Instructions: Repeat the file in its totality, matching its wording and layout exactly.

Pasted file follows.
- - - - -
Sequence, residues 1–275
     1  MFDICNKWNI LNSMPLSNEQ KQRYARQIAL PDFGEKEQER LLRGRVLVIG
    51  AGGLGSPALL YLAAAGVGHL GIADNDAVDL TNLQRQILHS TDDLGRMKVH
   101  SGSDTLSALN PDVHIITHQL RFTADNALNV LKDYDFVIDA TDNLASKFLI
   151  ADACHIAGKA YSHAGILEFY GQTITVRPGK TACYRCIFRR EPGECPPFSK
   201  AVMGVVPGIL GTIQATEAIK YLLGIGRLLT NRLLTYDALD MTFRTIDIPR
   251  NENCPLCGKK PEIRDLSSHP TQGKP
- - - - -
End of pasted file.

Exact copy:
Sequence, residues 1–275
     1  MFDICNKWNI LNSMPLSNEQ KQRYARQIAL PDFGEKEQER LLRGRVLVIG
    51  AGGLGSPALL YLAAAGVGHL GIADNDAVDL TNLQRQILHS TDDLGRMKVH
   101  SGSDTLSALN PDVHIITHQL RFTADNALNV LKDYDFVIDA TDNLASKFLI
   151  ADACHIAGKA YSHAGILEFY GQTITVRPGK TACYRCIFRR EPGECPPFSK
   201  AVMGVVPGIL GTIQATEAIK YLLGIGRLLT NRLLTYDALD MTFRTIDIPR
   251  NENCPLCGKK PEIRDLSSHP TQGKP